[Not kidding! If you have not watched Midnight Mass but you do intend to do so, do not read!]

When Father Paul reveals the vampire to his parishioners at the midnight Easter Mass, he first attempts to reassure them in their understandable alarm by reminding them that angels have almost always had to announce their presence by saying “Be not afraid.” Because the normal reaction of a human to the sight of an angel is terror.

“And remember, brothers and sisters! Have faith, that in the Bible, every time they mention an angel, when an angel appears to we humans, we are afraid!”

And it’s true—the Bible describes angels as terrifying and bizarre, and the messages they bring to humanity as usually disruptive and uncomfortable.

What that doesn’t mean is that anything terrifying is an angel.

Vampires are scary. Angels are scary.

But the vampire isn’t an angel because it’s scary, and being scary, in and of itself, isn’t proof of something being an angel.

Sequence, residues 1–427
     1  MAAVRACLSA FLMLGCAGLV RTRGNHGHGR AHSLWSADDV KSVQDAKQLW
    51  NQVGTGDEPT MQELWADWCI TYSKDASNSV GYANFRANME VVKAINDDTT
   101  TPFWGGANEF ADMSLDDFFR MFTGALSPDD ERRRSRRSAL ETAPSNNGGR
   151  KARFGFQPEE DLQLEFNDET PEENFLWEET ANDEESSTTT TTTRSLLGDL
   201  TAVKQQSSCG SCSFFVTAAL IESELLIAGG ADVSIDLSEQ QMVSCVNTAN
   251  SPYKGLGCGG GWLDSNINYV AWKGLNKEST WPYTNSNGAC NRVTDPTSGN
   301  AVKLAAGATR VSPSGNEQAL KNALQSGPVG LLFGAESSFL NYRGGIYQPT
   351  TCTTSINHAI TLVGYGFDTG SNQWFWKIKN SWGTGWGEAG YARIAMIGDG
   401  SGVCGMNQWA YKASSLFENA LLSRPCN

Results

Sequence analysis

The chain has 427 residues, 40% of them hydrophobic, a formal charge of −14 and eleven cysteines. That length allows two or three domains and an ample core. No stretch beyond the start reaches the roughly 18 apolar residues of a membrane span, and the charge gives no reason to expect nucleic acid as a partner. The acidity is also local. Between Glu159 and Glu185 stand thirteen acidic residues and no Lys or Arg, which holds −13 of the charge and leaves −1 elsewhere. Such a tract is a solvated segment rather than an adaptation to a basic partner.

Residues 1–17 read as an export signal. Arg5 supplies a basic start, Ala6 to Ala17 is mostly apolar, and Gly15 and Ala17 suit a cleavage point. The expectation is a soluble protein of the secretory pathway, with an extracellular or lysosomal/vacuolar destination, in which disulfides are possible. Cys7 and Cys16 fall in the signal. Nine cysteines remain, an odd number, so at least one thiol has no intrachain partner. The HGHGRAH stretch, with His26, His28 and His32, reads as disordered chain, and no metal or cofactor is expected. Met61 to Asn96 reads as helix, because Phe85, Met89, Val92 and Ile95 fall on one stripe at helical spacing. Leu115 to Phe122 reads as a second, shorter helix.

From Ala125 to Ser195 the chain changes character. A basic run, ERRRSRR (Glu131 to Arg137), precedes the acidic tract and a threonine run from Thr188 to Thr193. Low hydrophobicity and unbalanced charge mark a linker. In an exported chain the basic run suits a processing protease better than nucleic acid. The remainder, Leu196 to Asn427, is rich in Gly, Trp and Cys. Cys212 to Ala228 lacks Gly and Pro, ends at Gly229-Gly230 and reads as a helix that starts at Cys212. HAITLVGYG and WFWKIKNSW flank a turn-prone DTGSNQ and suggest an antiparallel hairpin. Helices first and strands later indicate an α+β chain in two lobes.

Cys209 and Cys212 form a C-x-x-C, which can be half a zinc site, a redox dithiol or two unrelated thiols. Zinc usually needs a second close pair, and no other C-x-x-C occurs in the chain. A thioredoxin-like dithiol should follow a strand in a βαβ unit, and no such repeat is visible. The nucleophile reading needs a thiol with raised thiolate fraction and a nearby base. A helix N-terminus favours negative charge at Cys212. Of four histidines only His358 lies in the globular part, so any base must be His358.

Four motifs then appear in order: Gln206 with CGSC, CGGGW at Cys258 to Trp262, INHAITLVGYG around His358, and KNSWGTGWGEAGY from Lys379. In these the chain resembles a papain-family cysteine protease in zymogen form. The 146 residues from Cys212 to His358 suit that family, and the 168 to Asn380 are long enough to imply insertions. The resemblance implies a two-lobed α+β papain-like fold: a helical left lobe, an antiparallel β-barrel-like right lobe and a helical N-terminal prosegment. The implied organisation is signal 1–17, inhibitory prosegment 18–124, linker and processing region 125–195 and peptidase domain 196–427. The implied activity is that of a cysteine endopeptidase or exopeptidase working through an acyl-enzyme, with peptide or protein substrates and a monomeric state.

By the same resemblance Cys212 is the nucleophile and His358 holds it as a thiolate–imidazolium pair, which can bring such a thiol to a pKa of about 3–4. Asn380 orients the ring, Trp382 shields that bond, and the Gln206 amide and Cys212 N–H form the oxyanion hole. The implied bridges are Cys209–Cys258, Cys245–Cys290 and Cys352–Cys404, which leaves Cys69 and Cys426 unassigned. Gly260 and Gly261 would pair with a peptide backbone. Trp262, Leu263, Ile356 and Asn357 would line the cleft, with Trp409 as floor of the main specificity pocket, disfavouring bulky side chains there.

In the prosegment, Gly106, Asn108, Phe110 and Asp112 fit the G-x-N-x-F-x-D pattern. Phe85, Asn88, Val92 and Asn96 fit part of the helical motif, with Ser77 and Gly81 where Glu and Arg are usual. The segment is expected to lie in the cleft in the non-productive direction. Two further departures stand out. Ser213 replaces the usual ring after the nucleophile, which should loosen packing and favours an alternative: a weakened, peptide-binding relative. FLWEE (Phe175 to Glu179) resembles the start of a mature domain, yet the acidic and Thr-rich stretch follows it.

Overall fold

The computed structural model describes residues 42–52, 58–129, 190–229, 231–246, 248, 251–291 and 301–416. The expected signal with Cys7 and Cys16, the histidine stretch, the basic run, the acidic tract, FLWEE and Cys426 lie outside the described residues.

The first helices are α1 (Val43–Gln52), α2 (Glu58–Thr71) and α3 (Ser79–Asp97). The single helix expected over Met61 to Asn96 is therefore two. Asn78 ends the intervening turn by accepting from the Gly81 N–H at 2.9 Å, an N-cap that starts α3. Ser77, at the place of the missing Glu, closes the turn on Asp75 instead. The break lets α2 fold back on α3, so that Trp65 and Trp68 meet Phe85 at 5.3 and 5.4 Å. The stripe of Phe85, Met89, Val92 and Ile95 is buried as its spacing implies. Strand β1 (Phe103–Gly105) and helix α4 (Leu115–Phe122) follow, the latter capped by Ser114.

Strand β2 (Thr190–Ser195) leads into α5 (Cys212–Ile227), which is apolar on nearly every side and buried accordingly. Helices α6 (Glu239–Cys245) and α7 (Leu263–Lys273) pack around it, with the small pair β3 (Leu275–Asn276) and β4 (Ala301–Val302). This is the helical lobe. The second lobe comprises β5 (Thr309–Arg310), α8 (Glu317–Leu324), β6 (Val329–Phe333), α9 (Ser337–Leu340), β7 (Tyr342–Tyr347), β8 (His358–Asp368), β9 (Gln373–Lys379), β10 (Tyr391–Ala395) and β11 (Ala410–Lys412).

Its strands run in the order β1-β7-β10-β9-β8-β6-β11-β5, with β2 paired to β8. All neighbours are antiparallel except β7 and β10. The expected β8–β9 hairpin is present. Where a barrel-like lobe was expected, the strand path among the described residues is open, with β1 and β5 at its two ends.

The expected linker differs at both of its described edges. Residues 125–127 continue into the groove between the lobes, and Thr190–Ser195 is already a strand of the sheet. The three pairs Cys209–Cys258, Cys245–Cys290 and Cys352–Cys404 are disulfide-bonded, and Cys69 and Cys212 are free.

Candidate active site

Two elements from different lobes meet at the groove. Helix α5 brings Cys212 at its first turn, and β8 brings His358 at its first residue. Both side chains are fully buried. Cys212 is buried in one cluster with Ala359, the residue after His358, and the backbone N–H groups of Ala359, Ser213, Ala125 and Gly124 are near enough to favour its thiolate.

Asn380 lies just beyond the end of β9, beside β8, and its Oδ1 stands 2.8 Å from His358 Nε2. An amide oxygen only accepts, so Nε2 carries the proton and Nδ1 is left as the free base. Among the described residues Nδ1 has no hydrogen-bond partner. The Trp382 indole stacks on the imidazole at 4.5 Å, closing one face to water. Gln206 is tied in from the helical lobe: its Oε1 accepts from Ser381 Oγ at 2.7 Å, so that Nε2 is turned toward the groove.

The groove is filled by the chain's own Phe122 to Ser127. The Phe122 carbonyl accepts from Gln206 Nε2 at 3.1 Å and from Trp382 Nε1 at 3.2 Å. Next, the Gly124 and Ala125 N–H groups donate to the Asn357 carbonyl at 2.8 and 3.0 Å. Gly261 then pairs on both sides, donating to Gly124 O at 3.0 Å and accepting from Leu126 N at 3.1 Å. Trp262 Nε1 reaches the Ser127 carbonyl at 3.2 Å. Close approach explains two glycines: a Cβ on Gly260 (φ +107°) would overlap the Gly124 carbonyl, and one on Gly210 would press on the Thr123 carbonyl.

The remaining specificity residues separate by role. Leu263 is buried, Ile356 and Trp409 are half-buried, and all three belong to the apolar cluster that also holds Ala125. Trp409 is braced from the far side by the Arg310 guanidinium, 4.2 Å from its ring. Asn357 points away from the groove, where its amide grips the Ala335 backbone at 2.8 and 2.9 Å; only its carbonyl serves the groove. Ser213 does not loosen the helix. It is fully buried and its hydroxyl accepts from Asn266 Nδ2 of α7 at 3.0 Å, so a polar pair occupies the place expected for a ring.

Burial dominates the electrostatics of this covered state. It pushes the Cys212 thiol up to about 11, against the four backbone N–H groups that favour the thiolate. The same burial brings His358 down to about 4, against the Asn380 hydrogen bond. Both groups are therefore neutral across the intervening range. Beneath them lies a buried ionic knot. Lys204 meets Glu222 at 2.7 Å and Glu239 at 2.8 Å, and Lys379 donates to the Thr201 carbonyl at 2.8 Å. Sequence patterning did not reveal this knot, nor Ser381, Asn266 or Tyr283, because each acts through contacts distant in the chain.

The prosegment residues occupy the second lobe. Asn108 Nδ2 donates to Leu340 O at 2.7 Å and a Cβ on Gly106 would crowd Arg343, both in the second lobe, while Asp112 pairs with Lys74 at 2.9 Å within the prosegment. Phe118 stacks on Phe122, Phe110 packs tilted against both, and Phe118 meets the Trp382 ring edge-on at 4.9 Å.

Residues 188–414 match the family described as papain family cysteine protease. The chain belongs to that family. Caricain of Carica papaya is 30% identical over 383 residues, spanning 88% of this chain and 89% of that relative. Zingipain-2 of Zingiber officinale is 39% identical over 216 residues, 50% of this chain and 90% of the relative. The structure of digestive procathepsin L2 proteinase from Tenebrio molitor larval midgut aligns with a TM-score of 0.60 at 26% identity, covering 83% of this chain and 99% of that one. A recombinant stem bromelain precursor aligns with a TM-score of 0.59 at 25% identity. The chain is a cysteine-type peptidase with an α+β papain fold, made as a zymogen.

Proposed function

Sometimes things that are ultimately good are terrifying. Sometimes good news is scary. But not everything terrifying is actually good. And not everything “uncomfortable” is actually justified, or even true. Sometimes the reason you’re uncomfortable or defensive is because you are being treated badly. Sometimes the reason you’re being told to ignore your instincts or your values is because it is in the interests of abusers for you to do so. Sometimes your cognitive dissonance is because what you’re being told is right and necessary is wrong and messed up.

Sometimes the thing you’re being told is an angel looks like a vampire because it is one.

And sometimes the rat poison you’re being served as a sacrament is actually just rat poison.

The bridges you burn may light your way. Or they might strand you on a burning island full of vampires.

I think once we’ve decided that making people comfortable or uncomfortable is the point of our activism, once we’ve decided how other people are supposed to feel and that our moral prerogative is to make them, we’ve already lost our way.